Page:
What You Can Do: If you’re facing financial difficulties, it’s always best to contact your lender as soon as possible. The sooner you let them know what’s happening, the more solutions they will have to help you. Lenders are more likely to work with you if you communicate with them. Fixes may include partial payments or restructuring your loan temporarily. This allows you more flexibility and helps you get back on track.



When all other financial options are exhausted, you may choose to file bankruptcy. This is the legal process of eliminating all or part of your current debts. Typically, you will be required to repay a portion of your debt utilizing a payment plan.

How Long Do They Last: Whether you file Chapter 7 or 13, a bankruptcy can remain on your credit report for up to 10 years. 

What You Can Do: Filing for bankruptcy is one of the most harmful items you can have on your credit report. While it may seem like your only option if you have significant debt, other solutions may be available. Before deciding to file bankruptcy, always seek the guidance of a financial advisor and attorney first.

If you do file for bankruptcy, immediately start repairing your credit score afterward. Your credit score won’t improve right away, but actively working to rebuild your credit will help in the long run. For example, you may need a car loan in a few years. If a lender can tell you’ve been working to rebuild your credit and manage your money responsibly, they will be more likely to work with you. You may not get the lowest rate at first, but you can always look to refinance a few years into the loan when your score comes up.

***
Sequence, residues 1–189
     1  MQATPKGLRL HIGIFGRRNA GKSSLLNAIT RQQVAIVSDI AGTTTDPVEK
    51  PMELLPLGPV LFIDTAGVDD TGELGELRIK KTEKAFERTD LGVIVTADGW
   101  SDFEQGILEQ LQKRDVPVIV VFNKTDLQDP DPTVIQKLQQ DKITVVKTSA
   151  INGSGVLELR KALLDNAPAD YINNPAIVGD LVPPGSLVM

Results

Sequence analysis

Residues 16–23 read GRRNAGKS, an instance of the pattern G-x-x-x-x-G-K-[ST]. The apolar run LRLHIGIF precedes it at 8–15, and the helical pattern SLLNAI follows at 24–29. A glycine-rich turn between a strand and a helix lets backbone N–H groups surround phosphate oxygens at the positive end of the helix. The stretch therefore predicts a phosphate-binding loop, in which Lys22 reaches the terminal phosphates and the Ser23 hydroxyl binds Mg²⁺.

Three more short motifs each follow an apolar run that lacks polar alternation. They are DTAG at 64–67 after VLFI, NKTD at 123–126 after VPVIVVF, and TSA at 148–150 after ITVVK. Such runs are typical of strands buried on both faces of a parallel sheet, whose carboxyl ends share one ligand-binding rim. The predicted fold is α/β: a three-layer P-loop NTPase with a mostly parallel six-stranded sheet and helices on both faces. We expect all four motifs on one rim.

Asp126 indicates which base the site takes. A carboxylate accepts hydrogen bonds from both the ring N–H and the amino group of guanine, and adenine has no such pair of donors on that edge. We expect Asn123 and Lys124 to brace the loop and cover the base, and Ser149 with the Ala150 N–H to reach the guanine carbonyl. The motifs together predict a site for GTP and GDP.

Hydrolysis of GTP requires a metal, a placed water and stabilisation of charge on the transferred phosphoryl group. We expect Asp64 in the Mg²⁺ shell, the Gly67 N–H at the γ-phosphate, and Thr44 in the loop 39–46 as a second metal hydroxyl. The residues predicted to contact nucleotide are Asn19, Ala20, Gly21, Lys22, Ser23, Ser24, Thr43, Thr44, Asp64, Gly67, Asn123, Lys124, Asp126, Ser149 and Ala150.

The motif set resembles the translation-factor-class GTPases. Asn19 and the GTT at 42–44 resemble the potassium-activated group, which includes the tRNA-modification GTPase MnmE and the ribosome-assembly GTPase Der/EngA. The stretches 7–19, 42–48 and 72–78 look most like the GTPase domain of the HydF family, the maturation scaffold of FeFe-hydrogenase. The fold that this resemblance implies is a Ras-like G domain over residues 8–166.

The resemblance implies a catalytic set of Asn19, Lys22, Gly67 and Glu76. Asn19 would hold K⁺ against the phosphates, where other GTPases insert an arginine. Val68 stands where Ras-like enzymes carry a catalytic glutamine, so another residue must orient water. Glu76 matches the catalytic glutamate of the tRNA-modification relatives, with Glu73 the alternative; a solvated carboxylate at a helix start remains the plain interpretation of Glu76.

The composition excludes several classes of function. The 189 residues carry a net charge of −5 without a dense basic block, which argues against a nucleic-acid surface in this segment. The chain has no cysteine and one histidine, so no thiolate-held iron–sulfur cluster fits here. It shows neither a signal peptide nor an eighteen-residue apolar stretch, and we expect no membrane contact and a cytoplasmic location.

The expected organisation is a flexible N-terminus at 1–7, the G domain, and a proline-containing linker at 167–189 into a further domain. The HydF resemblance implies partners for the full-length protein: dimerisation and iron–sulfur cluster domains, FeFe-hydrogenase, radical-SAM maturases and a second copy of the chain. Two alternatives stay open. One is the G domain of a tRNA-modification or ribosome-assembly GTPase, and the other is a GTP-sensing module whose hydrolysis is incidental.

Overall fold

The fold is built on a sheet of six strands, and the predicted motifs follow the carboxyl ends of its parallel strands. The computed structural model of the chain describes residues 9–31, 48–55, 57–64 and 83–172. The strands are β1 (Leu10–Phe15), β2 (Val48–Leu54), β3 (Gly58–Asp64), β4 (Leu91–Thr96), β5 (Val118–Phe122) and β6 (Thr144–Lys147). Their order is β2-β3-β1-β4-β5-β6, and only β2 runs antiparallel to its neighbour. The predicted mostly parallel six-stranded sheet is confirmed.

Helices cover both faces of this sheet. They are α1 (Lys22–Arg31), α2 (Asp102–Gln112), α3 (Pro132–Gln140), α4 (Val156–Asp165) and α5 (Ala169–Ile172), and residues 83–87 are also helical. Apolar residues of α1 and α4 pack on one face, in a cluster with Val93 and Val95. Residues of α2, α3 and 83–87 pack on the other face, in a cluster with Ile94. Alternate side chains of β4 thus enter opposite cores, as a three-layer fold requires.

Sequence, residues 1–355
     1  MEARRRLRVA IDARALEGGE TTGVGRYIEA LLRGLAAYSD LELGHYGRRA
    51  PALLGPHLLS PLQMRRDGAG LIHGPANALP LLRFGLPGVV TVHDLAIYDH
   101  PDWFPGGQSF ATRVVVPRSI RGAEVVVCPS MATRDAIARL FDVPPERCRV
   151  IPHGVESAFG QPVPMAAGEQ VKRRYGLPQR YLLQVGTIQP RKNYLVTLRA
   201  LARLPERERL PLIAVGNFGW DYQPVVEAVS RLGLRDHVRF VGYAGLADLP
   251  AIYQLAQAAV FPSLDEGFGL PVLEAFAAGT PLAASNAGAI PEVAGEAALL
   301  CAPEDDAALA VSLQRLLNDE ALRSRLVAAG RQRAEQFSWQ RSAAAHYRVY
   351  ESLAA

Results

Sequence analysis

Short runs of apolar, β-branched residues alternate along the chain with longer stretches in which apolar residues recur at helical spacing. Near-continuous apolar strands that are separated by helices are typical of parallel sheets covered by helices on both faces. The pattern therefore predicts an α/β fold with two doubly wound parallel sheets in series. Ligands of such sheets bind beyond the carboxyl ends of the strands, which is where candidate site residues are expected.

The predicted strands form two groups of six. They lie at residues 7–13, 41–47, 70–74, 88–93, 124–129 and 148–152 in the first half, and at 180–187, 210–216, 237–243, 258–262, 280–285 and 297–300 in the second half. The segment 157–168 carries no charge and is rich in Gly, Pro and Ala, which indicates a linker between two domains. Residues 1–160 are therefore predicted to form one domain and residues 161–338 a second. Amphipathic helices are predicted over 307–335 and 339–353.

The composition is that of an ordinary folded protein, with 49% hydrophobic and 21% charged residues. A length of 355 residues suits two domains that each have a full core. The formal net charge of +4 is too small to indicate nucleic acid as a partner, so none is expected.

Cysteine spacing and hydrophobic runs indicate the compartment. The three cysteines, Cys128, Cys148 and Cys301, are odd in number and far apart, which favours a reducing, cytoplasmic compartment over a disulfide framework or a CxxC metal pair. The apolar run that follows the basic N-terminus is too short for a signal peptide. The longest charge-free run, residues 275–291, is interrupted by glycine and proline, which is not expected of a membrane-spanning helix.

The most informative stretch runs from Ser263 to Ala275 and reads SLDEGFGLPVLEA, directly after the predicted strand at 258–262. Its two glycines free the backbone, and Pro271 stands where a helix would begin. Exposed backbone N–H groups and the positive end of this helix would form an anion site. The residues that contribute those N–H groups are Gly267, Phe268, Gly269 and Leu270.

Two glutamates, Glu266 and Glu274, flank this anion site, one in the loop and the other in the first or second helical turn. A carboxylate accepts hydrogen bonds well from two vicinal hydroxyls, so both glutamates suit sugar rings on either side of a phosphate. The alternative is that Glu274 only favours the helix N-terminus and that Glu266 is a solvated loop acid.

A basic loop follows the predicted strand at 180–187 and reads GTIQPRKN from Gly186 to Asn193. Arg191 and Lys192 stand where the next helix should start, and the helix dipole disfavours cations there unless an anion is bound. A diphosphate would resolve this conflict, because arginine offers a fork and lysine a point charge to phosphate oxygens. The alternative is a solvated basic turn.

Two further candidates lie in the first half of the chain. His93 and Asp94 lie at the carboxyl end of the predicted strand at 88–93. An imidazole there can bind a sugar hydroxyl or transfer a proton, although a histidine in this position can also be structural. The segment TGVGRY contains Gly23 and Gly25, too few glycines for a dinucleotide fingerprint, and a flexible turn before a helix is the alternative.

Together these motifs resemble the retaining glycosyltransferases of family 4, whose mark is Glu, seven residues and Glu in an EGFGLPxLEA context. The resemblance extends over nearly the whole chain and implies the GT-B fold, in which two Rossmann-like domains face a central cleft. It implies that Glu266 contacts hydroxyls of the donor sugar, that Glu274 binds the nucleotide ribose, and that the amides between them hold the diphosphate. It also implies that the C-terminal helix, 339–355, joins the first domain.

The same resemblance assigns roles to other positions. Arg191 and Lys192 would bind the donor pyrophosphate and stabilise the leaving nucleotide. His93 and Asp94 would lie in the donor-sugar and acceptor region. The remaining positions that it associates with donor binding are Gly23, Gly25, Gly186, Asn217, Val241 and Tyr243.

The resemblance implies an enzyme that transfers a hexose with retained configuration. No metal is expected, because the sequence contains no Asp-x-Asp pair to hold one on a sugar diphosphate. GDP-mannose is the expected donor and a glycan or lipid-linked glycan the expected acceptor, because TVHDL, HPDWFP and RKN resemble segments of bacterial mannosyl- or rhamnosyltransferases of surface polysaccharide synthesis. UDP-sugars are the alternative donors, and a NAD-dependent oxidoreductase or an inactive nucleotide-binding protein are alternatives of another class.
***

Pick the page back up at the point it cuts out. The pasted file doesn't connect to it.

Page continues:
Ways to Rebuild Credit: Consider a secured credit card or credit builder loan from the credit union. Both are great options to begin the healing process to your credit. Money FCU also has free financial coaching available to help you make a plan and get back on track.



There are many benefits of an excellent credit score. However, getting there may sometimes feel overwhelming and confusing. It’s important to remember that even if you make mistakes along the way, that’s ok. Learn from the hiccup and keep moving forward.

The best thing you can do is ask for help early. If you can’t make a payment on time, let the company or lender know. Any solution that won’t impact your credit score is a plus.

Finally, remember that all negative marks on a credit report eventually come off your credit report with time.


Enroll in My Credit

As a Money FCU member, you have access to your free credit score and report! It’s free, and built right into your mobile and online banking account. It’s a great way to track how well you’re doing and what affects your score.

  • Get your free credit score once every 24 hours
  • Check your credit report for errors
  • Identify and dispute any incorrect information
  • Prevent fraud by setting real-time alerts
  • Get custom money-saving offers just for you
  • Use the Score Simulator to see what actions affect your score


We’re Here to Help!

Whether you’re just starting to build your credit history or you’re trying to rebuild your score, we’re ready to help. As your credit union, we’re here to answer all your questions and provide one-on-one financial guidance to help you reach your goals.

Call, chat, text or stop in M-F 9am-4pm ET. We’re here to help! (315) 671-4000.


Each individual’s financial situation is unique and readers are encouraged to contact the Credit Union when seeking financial advice on the products and services discussed. This article is for educational purposes only; the authors assume no legal responsibility for the completeness or accuracy of the contents.